Movement Based Classification of People with Stroke Through Automated Analysis of Three-Dimensional Motion Data

  • John W. Kelly
  • Steve Leigh
  • Carol Giuliani
  • Rachael Brady
  • Martin J. McKeown
  • Edward GrantEmail author
Conference paper
Part of the Advances in Intelligent Systems and Computing book series (AISC, volume 867)


Active recovery of motor function following a stroke requires intense and repetitive physical therapy. The effectiveness of such therapy can be greatly improved if it is fully customized for each patient. Motion tracking and machine learning algorithms can assist therapists in designing the therapy regimens, thereby saving valuable time. In this study, three-dimensional upper body movements both of people who had suffered a stroke and of healthy subjects were recorded as they performed a reaching task. A support vector machine with a five-dimensional feature space was used to automatically distinguish between the movements of people with stroke and those of healthy subjects. The success rate for this task peaked at over 95%. While this specific task is trivial for a clinician, it provides proof of concept, and a foundation for further work in developing classifiers that can locate more specific problems. Such a classifier may help clinicians treat the root cause of a complicated movement deficiency with a patient specific rehabilitation program. The results indicate that using machine learning approaches for analyzing stroke patient movement data shows potential for reducing clinician’s workloads while providing improved treatment to specific subjects.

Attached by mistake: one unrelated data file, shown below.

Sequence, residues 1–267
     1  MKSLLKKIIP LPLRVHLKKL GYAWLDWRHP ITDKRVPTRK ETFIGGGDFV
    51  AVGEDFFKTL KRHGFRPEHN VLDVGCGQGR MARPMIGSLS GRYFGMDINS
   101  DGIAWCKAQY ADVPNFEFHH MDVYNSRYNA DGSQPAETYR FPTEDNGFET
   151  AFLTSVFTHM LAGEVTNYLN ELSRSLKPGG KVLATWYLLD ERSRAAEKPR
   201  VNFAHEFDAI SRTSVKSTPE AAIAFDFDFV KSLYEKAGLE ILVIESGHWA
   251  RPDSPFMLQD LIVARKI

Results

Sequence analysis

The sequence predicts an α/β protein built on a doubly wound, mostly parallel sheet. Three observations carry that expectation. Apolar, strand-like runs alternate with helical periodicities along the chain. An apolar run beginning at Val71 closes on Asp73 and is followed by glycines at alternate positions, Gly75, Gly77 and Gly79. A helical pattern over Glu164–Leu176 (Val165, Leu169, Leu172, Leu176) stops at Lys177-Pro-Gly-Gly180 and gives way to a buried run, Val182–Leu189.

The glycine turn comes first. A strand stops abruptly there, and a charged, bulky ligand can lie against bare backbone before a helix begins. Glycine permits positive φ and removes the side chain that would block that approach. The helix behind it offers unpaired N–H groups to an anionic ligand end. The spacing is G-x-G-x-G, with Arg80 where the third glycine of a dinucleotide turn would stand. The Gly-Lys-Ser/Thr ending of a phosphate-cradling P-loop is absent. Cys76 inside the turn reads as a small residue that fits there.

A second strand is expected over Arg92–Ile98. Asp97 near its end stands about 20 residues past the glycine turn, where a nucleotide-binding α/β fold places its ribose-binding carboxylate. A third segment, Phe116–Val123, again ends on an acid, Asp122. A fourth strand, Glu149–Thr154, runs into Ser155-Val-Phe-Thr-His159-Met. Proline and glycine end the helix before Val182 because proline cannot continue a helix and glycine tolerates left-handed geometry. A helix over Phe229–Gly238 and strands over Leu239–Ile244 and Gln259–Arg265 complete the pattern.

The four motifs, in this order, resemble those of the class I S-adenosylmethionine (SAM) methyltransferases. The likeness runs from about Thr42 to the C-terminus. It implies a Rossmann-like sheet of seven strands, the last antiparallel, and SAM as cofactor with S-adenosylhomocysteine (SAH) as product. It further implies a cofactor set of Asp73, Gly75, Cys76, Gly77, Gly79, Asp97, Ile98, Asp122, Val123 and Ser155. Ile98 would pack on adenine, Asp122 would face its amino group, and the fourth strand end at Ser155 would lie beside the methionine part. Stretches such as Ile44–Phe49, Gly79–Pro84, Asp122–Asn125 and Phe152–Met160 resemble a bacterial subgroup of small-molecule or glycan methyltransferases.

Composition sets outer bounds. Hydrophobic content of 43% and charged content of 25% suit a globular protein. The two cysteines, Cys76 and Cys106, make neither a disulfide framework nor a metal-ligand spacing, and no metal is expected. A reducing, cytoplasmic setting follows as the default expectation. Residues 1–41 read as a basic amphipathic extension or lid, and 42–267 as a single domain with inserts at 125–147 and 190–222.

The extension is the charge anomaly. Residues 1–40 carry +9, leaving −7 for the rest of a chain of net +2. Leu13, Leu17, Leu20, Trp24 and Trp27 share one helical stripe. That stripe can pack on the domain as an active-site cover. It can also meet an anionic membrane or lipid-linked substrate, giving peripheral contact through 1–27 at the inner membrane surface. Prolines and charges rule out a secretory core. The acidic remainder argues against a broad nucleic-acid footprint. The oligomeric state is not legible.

Rehabilitation Stroke Physical therapy Upper extremity Pattern recognition 


Acknowledgements and Funding

Funding for this work was provided by the Park Foundation, the Tau Beta Pi Association, and the Whitaker Foundation (MJM). Thanks to David Zielinski for technical expertise with the virtual reality systems.


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Copyright information

© Springer Nature Switzerland AG 2019

Authors and Affiliations

  • John W. Kelly
    • 1
  • Steve Leigh
    • 2
  • Carol Giuliani
    • 2
  • Rachael Brady
    • 3
  • Martin J. McKeown
    • 4
  • Edward Grant
    • 1
    Email author
  1. 1.Center for Robotics and Intelligent Machines, Department of Electrical and Computer EngineeringNorth Carolina State UniversityRaleighUSA
  2. 2.Center for Human Movement Science, Division of Physical TherapyThe University of North Carolina at Chapel HillChapel HillUSA
  3. 3.Visualization Technology Group, Pratt School of EngineeringDuke UniversityDurhamUSA
  4. 4.Pacific Parkinson’s Research Centre, Department of Medicine (Neurology)The University of British ColumbiaVancouverCanada

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